pick a day, pick a message

by twit

Hillary Clinton has been asked to explain the contradiction within her idea that Barack Obama would be a great Vice President and her constant refrain that he lacks enough experience to be Commander-in-Chief:

From The Hill on March 10, 2008:

Howard Wolfson, Clinton’s chief spokesman, said during a conference call with reporters that Clinton would not pick a running mate who has not met the “national security threshold” — as Clinton’s military advisers and Wolfson put it on the call — but that it is possible Obama could meet that threshold by this summer’s Democratic convention.

A March 9, 2008 report via MSNBC supplies some context to what Clinton means when she talks about “experience,” at least when it comes to her campaign:

Again and again, the senator was portrayed as a manager who valued loyalty and familiarity over experience and expertise.

So, Obama isn’t experienced enough to lead this country until maybe this summer, but when it comes to experience, Clinton doesn’t value the concept within her own campaign. Perhaps that is why she sounds a little shrill on the issue.

Her choice of lieutenants — and her insistence on staying with them even when friends urged her to shake things up — was blamed by some associates for the campaign’s woes.

I suppose she knows just how damaging it can be to rely on an inexperienced staff, and how painfully clear her own lack of experience is when her campaign is breaking new ground in historical levels of “disorder and dysfunction.”

“She hasn’t managed anything as complex as this before; that’s the problem with senators,” said James A. Thurber, a professor of government at American University who is an expert on presidential management. “She wasn’t as decisive as she should have been. And it’s a legitimate question to ask: Under great pressure from two different factions, can she make some hard decisions and move ahead? It seems to just fester. She doesn’t seem to know how to stop it or want to stop it.”

Or wait, maybe she doesn’t really value experience, if that’s why she wants Obama, once she gets to know him a little better? She likes the freshness his new perspective can bring? She doesn’t mind inexperience in her staff, except when they run her campaign into the ground, and she’d mind it with her Vice President, but probably not Obama, who’d have enough experience soon.

wait, what?

Or maybe this is what “experience” means when it comes to the Clintons:

… Republicans already have a pretty clear road map for how to run against Hillary. (It’s not as if it would be the first time she’s been their nemesis.)

Surveys and focus groups the RNC commissioned earlier in the year indicate voters think Clinton “will say or do anything to get elected” and that she’ll raise their taxes. “Americans know Senator Clinton, and they know that they can’t trust her,” RNC spokesman Alex Conant said.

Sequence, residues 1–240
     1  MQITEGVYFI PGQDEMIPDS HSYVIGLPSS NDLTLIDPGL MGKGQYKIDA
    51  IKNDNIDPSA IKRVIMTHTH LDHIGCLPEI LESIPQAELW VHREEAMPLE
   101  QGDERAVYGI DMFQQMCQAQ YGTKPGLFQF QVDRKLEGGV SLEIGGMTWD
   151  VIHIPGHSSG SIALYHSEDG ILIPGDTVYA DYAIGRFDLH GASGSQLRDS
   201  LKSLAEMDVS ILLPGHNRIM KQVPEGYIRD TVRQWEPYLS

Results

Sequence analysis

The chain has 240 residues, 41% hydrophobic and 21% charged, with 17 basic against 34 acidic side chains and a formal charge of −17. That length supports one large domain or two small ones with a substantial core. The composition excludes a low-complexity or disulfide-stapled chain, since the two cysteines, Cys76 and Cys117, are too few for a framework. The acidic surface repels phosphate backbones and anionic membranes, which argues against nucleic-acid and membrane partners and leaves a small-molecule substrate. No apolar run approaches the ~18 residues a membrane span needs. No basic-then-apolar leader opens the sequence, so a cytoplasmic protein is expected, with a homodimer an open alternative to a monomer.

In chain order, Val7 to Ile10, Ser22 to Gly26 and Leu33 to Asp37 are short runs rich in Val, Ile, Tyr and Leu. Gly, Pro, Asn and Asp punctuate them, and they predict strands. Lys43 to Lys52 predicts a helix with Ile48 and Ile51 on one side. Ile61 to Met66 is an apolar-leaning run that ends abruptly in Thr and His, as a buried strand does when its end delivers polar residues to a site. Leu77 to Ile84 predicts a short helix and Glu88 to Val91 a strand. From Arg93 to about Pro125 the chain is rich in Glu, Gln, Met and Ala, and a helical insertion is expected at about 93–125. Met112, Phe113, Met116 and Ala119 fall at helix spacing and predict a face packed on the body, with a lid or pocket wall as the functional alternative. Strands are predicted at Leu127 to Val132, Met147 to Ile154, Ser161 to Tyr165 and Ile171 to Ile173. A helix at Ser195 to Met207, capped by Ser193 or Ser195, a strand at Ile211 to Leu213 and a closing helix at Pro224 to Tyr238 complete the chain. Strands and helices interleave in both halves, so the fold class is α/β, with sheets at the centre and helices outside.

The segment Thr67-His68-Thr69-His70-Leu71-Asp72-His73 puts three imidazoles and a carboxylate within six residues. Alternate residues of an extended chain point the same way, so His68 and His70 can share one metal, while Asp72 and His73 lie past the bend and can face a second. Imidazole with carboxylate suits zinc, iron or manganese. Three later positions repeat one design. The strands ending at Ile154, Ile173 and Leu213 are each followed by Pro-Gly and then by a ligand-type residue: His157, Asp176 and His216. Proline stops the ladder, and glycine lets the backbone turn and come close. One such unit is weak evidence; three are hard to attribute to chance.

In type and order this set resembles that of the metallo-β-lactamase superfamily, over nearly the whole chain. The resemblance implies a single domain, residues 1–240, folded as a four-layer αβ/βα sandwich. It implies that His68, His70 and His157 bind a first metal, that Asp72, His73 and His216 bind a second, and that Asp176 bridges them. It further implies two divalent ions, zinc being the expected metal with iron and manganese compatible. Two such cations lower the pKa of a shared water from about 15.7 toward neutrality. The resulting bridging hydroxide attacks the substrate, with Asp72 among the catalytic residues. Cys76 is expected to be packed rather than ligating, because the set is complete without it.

Attacks might not even need to dredge up all the old battles of her husband’s administration — though, as the “socialized medicine” refrain that crept back into Republican talking points this year shows, the GOP does like to tie old lines into new ones.

And a McCain-Clinton contest would pretty much end all the worries at McCain’s Alexandria, Va., headquarters about how to unite Republicans behind him; just sending out an e-mail with “Hillary Clinton” in the subject line could probably raise him a few million bucks.

Now that makes some sense…


Obama responds

COLUMBUS, Miss — Sen. Barack Obama delivered an animated rebuke today of suggestions from the Clintons in recent days that he could run as her vice president.

“Now first of all with all due respect, with all due respect,” he said here during a town hall meeting. “I won twice as many states as Sen. Clinton. I won more of the popular vote than Sen. Clinton. I have more delegates than Sen. Clinton. So I don’t’ know how someone in second place can offer the vice presidency to someone in first place. If I was in second place I could understand but I am in first place right now.”

…  “I don’t understand. If I am not ready, how is it that you think I should be such a great vice president?” Obama asked the crowd, which gave him a standing ovation during his defense. “I don’t understand.”

“You can’t say he is not ready on day one, then you want him to be your vice president,” Obama continued. “I just want everybody to absolutely clear: I am not running for vice president. I am running to be president of the United States of America.”

One Response to pick a day, pick a message

  1. Peersyi says:

    thanks much, guy

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